This piercing oil, known for its strongly refreshing scent and ability to clear chestiness and blocked noses, has a long and interesting history. Extracted from the bark and leaves of the Camphor tree native to the forests of Japan and Taiwan, camphor has been used by many civilizations including the Chinese, Indians, Persians and medieval Europeans.
In Ayurvedic medicine, camphor is a treatment for coughs, colds, vomiting, diarrhea, eczema, gastritis and even speech impediments and psychological issues. The Chinese and Indians used camphor for medicinal and spiritual practice as the vapors were believed to have healing effects on the mind and body. The Chinese also used the sturdy wood of the camphor trees in shipbuilding. In 14th century Europe, camphor was a powerful disinfectant used during the Plague, while the Persians used it in embalming practices.
Camphor’s cooling properties make it useful in treating pain and inflammation, sprains, joint and muscular pain, as well as skin irritation, redness, rashes and itchy insect bites. It boosts circulation and the metabolism, and can help reduce the intensity of nervousness, anxiety, convulsions and spasms.
With a clean, powerful scent similar to menthol, camphor has antibacterial, anti-inflammatory and stimulating properties that can help increase blood flow, reduce headaches and clear sinuses. It is commonly used in vapor rubs and homemade ‘tiger balm’ to help ease symptoms of bronchitis and pneumonia, and assists in easier and deeper breathing. It is also useful in calming those with anxiety and hysteria, helping them to breathe and relax.
In hair shampoos, a tiny amount of camphor can help clear lice, and also boost hair growth by stimulating the scalp and follicles.
Add camphor to a humidifier or burner as a decongestant and air purifier. Try out some of these oil blends:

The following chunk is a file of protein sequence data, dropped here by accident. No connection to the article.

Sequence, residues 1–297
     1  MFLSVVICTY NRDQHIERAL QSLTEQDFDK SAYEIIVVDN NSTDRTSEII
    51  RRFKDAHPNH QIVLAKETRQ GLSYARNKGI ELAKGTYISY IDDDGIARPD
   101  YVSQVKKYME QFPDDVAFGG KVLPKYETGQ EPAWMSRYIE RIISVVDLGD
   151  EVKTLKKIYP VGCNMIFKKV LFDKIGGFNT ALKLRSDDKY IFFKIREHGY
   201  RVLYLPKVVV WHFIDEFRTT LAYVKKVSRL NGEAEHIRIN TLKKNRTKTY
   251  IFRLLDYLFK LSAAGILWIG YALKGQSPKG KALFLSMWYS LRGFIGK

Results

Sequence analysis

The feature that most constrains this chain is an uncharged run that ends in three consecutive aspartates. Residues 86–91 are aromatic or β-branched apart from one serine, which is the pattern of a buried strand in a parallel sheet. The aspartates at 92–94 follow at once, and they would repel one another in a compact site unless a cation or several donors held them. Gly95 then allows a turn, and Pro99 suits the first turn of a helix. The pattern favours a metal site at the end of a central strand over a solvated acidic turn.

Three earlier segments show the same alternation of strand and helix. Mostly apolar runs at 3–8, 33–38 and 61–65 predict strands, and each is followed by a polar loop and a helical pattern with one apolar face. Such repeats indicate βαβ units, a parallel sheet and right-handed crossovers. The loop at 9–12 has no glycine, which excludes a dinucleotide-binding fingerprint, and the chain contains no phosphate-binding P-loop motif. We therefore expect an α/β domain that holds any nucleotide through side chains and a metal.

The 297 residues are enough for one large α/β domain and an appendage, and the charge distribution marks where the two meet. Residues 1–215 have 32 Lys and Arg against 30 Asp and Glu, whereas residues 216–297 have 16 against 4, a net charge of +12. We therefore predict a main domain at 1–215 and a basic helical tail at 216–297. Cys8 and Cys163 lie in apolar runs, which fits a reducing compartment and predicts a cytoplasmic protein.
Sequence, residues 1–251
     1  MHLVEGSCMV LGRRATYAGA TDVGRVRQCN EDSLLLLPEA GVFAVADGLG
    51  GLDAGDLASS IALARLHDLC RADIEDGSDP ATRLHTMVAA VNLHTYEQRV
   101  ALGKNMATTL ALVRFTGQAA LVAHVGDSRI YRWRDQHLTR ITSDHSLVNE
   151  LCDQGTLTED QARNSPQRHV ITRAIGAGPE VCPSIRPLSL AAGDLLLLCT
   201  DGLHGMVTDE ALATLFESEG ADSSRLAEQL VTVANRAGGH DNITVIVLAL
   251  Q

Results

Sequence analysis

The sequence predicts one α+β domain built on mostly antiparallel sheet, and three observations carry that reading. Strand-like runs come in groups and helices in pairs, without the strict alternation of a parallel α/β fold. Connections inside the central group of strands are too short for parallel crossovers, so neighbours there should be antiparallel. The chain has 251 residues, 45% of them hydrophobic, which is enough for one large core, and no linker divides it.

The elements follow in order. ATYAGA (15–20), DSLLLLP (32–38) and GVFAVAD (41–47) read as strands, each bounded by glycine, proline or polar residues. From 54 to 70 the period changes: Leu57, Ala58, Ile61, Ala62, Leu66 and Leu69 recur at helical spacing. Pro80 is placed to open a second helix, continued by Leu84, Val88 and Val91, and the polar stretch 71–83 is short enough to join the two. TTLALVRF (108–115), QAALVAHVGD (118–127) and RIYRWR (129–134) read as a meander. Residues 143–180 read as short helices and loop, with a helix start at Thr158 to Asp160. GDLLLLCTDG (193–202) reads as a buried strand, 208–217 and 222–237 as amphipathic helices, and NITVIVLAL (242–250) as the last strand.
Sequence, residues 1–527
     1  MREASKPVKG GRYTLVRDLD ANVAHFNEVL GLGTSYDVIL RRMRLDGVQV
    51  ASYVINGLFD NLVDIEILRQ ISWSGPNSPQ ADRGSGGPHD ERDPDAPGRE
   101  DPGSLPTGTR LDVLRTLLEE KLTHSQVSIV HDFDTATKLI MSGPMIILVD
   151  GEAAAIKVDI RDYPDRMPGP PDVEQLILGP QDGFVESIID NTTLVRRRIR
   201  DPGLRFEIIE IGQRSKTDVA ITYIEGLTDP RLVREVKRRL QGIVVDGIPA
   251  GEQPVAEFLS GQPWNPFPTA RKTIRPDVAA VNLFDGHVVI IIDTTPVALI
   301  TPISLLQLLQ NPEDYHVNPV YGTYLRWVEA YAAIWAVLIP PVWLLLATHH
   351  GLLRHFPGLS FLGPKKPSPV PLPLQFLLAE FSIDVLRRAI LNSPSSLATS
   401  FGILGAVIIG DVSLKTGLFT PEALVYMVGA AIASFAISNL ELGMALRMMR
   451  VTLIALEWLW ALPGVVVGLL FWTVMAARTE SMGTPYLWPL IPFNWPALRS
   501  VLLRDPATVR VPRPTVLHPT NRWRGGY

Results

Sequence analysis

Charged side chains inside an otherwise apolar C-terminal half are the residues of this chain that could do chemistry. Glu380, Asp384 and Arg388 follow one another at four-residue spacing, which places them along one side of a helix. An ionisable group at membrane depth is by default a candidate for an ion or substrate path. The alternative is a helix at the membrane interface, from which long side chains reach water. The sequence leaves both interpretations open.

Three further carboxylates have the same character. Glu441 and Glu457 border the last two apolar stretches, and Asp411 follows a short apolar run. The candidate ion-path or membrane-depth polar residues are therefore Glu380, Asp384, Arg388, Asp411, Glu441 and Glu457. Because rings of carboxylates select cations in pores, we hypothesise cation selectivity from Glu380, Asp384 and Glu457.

10 drops camphor
6 drops ravensara
4 drops eucalyptus
3 drops German chamomile
Blend everything together in a glass bottle and use this as a diffusing blend in a burner or diffuser. Add 7 drops to your burner, and burn for a few hours every day to clear up phlegm and mucus.
15 drops camphor
15 drops pine
Add to a glass bottle and shake to combine. Then diffuse 5-10 drops for 20 minutes in a room to clear the air of bacteria and germs.
8 drops camphor
6 drops lime
5 drops basil
4 drops frankincense
Add to a bottle and shake well. Diffuse in a room to promote recovery from illness, boost immunity and overcome feelings of fatigue and stress.
You can also blend camphor into massage oils for muscles and joints, or make it into a balm similar to Vicks.
3T almond oil
8 drops camphor
7 drops birch or wintergreen
Combine everything in the bottle and shake well. Then massage generously into affected areas.
1.5T beeswax pellets
3-5 drops camphor oil
Melt the beeswax gently over a water bath and add in the carrier oil. Stir through the camphor then pour the mixture into a tin and leave to set. Use the balm whenever necessary by applying to the chest, back or soles of the feet.
Camphor blends well with basil, cajeput, chamomile, eucalyptus, lavender, melissa, or rosemary essential oils for a pleasing scent. You can add any of these oils to your oil blends or balm to enhance effectiveness.
Camphor is useful for deterring mosquitoes and other insects, hence its use in mothballs. You can make a simple insect repellent spray by adding a few drops of camphor essential oil to some water in a spray bottle. Shake well and spray around the braai place to deter flies and mosquitoes.
Caution: While camphor is safe for topical use, please do not ingest as it can be toxic. Do not apply to broken skin. Keep away from pets and children.
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